I am borrowing Steve Jobs’ words, the man who changed the world and the way we live through his genius vision, which he embedded in Apple products: “Companies may forget what it means to produce great products. Someday the original, brilliant idea that made them what they are will be rotten”.
So there is initially a brilliant idea. I’m not necessarily talking about an idea that will change the world, but about an idea that fills the one who thought it, warms him and motivates him to serve it faithfully and devote all his energy to it. Let’s say, for example, that someone dreams of running a pharmacy that won’t be like any other. It will be differentiated in terms of customer service, it will operate in terms of marketing and communication, it will throw away the worn out mantle of the classic pharmacy and it will operate in contemporary terms. It sounds easy, but it’s not. Anything that escapes the beaten track, no matter how easy it sounds, is an innovation. It takes a great deal of faith and vision from its creator to be implemented and a great struggle to convince the final recipient that this is something truly worth trying. Let alone to be established in the general consciousness as a market leader.
The above are even more difficult to be implemented when it comes to services and not products. The services are intangible and can be imprinted more slowly on the mind of the consumer, as opposed to a product that can be flashy, inventive and easier to reach the public.
The services provided by a pharmacy need time in order to convince the public that this store presents and offers something different from the rest. The pharmacist needs to invest money and be fully committed to his vision in order to stand out. Believe me, if his financial investment, his faith and his vision are accompanied by the “know-how” to proceed, success is certain.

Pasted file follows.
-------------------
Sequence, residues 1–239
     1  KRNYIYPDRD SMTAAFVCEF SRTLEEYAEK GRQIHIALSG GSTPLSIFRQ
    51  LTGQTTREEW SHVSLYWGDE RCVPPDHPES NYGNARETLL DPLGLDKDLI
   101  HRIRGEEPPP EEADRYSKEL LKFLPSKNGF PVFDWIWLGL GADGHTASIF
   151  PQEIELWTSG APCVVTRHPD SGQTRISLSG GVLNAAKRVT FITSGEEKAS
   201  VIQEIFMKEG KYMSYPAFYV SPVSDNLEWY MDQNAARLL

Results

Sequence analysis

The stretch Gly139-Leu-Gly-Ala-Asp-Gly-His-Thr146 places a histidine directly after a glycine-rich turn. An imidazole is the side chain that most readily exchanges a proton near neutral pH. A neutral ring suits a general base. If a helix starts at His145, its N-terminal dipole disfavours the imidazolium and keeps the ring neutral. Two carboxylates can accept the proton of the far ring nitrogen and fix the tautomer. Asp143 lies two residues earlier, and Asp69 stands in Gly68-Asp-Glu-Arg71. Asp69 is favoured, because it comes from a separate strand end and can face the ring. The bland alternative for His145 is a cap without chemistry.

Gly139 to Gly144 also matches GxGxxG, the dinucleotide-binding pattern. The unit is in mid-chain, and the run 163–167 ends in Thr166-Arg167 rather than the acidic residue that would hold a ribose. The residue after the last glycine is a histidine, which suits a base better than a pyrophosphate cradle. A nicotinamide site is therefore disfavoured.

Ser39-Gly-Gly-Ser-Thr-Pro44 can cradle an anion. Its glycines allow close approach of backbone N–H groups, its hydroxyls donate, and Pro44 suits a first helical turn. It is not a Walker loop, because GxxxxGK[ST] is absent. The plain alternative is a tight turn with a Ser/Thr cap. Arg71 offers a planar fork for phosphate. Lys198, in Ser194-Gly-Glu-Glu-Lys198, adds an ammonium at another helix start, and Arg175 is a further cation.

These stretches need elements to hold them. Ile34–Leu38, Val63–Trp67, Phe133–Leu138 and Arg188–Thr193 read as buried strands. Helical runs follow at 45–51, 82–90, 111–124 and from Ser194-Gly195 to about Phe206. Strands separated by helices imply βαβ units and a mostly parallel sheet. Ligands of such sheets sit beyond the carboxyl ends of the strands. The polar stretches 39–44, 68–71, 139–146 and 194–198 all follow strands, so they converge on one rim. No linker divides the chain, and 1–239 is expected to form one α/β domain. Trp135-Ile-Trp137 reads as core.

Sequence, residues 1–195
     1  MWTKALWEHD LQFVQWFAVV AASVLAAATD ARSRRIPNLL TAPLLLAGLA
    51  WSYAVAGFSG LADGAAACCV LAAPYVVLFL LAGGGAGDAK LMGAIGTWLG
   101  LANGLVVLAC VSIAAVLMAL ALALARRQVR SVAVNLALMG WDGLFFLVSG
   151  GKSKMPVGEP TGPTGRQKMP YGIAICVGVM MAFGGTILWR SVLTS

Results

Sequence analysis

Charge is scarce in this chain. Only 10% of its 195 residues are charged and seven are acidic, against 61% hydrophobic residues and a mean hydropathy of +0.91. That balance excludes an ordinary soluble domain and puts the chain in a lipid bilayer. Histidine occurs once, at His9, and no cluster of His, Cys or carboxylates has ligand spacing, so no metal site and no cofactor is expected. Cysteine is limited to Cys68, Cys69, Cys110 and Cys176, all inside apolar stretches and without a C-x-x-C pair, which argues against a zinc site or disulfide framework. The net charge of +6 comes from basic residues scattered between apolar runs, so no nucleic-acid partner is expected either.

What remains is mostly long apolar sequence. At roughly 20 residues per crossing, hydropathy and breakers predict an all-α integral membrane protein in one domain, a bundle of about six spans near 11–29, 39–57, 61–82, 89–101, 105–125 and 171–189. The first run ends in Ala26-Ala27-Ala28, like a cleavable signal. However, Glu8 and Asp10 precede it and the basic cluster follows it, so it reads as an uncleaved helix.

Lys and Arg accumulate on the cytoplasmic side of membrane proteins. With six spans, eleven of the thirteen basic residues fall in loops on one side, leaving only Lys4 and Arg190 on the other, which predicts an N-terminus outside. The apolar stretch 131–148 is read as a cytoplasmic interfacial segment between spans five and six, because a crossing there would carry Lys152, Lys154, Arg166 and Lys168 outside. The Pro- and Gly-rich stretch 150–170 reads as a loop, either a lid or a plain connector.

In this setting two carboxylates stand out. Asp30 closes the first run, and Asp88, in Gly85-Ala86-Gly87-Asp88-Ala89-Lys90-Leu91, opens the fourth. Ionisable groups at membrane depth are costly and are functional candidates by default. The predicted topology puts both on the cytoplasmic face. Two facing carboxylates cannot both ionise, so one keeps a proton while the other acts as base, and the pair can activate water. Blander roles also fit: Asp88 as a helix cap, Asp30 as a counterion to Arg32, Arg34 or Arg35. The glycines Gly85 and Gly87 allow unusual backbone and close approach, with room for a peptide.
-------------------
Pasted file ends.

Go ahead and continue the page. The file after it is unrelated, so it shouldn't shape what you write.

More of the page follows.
The second stage is even more difficult, because the original vision must be constantly renewed. It can’t last forever. This is the second sentence of Steve Jobs: “Someday the original, brilliant idea will be rotten”. It requires constant vigilance and renewal. The word that condenses all of this is, once again, innovation. No one will remember after a while the original brilliant idea unless it is renewed (by the way, that’s exactly what Apple is fearing of at the moment. They are more copying than innovating).
How innovative can a pharmacist really be? Unlimited, is my answer. Pharmacy2020, my colleagues and I believe – contrary to the perception that the pharmacy has limited potential for renewal and innovation – that, on the opposite side, the potential for innovation is its strength. Right now the pharmacy begins to understand this need for innovation and integrate marketing, communication, social media services, personnel training and invest in the creation of a brand identity.
The uncertain landscape that has been formed in the recent years requires new ideas, boldness and innovation.
Pharmacy2020 trusts the modern pharmacist. Pharmacy2020 has the knowledge, the courage, the human resources and the know-how to open new roads that ensure not only survival but continuous development. “Stay hungry, stay foolish,” was Steve Jobs’ motto. This is how we should all feel and taking this for grunted, our cooperation can only bring positive results in future.
Founder Ph2020 | Development Consultant